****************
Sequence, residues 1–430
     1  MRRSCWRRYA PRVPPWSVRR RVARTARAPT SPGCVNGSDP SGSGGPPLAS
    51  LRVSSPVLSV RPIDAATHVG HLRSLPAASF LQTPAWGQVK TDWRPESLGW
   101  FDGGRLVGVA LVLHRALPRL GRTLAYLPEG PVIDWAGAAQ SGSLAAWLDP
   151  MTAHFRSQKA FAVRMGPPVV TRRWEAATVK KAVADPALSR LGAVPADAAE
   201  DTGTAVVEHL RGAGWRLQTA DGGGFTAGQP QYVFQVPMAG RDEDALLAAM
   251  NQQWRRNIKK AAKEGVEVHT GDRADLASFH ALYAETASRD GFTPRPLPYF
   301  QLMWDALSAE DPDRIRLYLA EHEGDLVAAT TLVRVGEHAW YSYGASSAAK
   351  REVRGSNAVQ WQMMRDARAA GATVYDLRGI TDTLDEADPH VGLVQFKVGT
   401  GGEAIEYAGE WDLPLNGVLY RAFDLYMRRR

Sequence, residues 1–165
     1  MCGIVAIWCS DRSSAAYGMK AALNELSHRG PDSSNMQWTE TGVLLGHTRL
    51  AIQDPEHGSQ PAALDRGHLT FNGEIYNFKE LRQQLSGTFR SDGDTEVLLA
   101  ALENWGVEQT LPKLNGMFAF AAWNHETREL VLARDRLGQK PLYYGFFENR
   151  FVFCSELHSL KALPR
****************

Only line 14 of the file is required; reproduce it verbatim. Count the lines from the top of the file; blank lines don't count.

   101  ALENWGVEQT LPKLNGMFAF AAWNHETREL VLARDRLGQK PLYYGFFENR